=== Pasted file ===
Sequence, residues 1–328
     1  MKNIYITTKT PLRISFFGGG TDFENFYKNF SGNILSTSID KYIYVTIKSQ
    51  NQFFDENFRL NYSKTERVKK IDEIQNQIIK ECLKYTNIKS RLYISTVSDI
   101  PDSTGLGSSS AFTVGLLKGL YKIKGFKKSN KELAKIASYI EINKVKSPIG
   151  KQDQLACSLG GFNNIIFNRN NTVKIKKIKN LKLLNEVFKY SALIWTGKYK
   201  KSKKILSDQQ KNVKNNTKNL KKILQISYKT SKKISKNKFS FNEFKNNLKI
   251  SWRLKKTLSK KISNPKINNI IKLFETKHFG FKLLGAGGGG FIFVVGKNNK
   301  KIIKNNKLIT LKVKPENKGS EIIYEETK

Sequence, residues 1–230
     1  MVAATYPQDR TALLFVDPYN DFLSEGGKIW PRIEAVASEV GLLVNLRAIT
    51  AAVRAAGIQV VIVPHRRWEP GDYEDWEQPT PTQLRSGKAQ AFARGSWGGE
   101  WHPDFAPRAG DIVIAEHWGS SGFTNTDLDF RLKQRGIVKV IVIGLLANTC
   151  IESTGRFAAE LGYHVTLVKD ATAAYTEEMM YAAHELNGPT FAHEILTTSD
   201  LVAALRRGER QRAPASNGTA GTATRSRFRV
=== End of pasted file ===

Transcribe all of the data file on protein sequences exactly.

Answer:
Sequence, residues 1–328
     1  MKNIYITTKT PLRISFFGGG TDFENFYKNF SGNILSTSID KYIYVTIKSQ
    51  NQFFDENFRL NYSKTERVKK IDEIQNQIIK ECLKYTNIKS RLYISTVSDI
   101  PDSTGLGSSS AFTVGLLKGL YKIKGFKKSN KELAKIASYI EINKVKSPIG
   151  KQDQLACSLG GFNNIIFNRN NTVKIKKIKN LKLLNEVFKY SALIWTGKYK
   201  KSKKILSDQQ KNVKNNTKNL KKILQISYKT SKKISKNKFS FNEFKNNLKI
   251  SWRLKKTLSK KISNPKINNI IKLFETKHFG FKLLGAGGGG FIFVVGKNNK
   301  KIIKNNKLIT LKVKPENKGS EIIYEETK

Sequence, residues 1–230
     1  MVAATYPQDR TALLFVDPYN DFLSEGGKIW PRIEAVASEV GLLVNLRAIT
    51  AAVRAAGIQV VIVPHRRWEP GDYEDWEQPT PTQLRSGKAQ AFARGSWGGE
   101  WHPDFAPRAG DIVIAEHWGS SGFTNTDLDF RLKQRGIVKV IVIGLLANTC
   151  IESTGRFAAE LGYHVTLVKD ATAAYTEEMM YAAHELNGPT FAHEILTTSD
   201  LVAALRRGER QRAPASNGTA GTATRSRFRV